Berlin is likely to get the first leftwing triple-coalition government in its history, after Angela Merkel’s CDU party and the ruling Social Democrats both plummeted to their lowest result in the Germany capital. Centre-left Social Democrats (SPD) came out top with 21.6% of the vote, ahead of the centre-right Christian Democratic Union (CDU) on 17.5%. Leftwing Die Linke came third on 15.7%, ahead of the Greens on 15.1%. Anti-immigration populists Alternative für Deutschland are set to enter the German capital’s state parliament for the first time, with 14.1%. Days before the election, mayor Michael Müller had warned that a double-digit score for the AfD “would be seen around the world as a sign of the return of the rightwing and the Nazis in Germany”.

Morocco: Elections pose test for law on vote observers | Associated Press

Morocco’s elections next month will draw attention from around the region and beyond — but not all eyes will be welcome. Election authorities approved 4,000 national and international observers for the Oct. 7 legislative elections, rejecting requests for about 1,000 others, as new regulations on vote monitors are being put to the test. Among those rejected were observers from the U.S.-based Carter Center. More than 30 political parties are running in the elections, which will determine the makeup of the government and political direction of the kingdom, a U.S. ally and important regional economy. It’s only the second time Moroccans are voting for parliament since thousands took to the streets in 2011 demanding reform through the February 20th Movement. Since then, a coalition of several parties led by the Islamist Party of Justice and Development (PJD) has governed, coming to power alongside a new constitution and new laws intended to meet the demands for reform.

Russia: Irregularities reported at Russia’s ballot boxes as voting begins | Financial Times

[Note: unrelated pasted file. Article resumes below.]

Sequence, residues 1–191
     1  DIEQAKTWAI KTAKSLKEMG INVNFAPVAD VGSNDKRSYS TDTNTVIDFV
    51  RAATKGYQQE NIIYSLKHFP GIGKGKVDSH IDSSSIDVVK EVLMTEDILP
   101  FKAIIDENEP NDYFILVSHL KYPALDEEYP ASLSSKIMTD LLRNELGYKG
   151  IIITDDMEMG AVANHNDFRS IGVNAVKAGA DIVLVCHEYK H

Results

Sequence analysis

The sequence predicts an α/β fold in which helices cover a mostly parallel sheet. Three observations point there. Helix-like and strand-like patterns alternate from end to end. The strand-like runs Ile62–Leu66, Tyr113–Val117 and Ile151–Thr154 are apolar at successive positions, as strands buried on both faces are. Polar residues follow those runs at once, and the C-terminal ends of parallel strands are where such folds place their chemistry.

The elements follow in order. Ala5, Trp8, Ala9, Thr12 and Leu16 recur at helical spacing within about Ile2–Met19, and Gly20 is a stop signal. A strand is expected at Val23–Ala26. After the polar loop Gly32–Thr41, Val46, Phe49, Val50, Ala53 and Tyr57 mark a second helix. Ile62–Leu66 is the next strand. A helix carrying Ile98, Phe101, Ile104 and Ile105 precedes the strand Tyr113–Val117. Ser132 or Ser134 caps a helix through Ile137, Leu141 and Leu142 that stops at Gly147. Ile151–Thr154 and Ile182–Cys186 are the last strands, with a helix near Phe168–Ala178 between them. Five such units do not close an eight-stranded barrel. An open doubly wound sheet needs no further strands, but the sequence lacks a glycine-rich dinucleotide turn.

Russian election monitors reported a series of irregularities as voting began in the country’s parliamentary elections on Sunday. Those complaints will test the government’s pledge to block the kind of electoral fraud that triggered street protests five years ago against president Vladimir Putin. Non-governmental election monitoring movement Golos said it had received 164 reports by phone and 335 reports via an online platform of rule violations or suspicious incidents. The largest number of complaints came from Moscow, followed by the Stavropol region in southern Russia and Altai region in southern Siberia. In Barnaul, capital of the Altai region, civil rights and opposition activists observed people being instructed to vote using ballots of pensioners who were not going to turn up — an alleged example of so-called cruisers or carousel voting. “They have little stickers on their passports,” said Alexander Lebedev, a municipal deputy of the A Just Russia party who posted videos of what he said were the preparations for illegal voting on Twitter.

Russia: Putin-backed party sweeps to victory amid allegations of election fraud | The Independent

The ruling United Russia party, which is backed by Vladimir Putin, is on track to win 343 of 450 seats in Russia’s lower house of parliament. With 90 per cent of the vote counted, the pro-Kremlin party had 54% of the vote for the 225 seats chosen nationwide by party list, the Central Elections Commission said. The three parties who were the next most popular – the Communist Party, The Liberal Democrats and the Just Russia Party – all support Mr Putin. However, there have been multiple reports of voting fraud and videos have surfaced of apparent ballot stuffing. One video shows an official appearing to take a pile of ballots and shoving them into the voting box while another person seems to stand guard.